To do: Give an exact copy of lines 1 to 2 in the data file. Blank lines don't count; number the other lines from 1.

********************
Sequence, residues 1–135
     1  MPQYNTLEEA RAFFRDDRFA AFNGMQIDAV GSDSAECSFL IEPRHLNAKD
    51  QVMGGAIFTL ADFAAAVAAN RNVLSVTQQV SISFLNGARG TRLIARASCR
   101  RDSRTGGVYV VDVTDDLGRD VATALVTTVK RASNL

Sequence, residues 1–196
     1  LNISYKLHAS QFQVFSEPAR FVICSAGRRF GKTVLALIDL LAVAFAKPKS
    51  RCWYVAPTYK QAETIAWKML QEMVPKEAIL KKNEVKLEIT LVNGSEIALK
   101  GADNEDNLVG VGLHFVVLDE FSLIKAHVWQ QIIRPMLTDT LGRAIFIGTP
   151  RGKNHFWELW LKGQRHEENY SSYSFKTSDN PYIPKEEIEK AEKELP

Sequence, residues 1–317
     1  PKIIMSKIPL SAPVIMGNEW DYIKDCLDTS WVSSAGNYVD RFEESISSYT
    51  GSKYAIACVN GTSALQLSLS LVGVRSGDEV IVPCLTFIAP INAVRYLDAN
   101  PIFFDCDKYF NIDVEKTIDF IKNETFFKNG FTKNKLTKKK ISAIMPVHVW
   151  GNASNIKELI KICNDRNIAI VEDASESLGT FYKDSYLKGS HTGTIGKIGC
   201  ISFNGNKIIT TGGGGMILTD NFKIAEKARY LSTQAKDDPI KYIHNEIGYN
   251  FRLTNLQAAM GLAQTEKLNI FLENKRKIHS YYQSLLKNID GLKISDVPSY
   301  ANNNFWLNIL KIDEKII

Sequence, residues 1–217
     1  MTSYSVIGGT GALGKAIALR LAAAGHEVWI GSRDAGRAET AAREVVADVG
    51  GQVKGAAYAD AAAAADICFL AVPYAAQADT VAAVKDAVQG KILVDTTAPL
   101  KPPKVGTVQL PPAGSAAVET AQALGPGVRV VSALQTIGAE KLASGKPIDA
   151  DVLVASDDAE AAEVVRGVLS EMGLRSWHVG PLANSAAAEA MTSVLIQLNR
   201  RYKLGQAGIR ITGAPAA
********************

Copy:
Sequence, residues 1–135
     1  MPQYNTLEEA RAFFRDDRFA AFNGMQIDAV GSDSAECSFL IEPRHLNAKD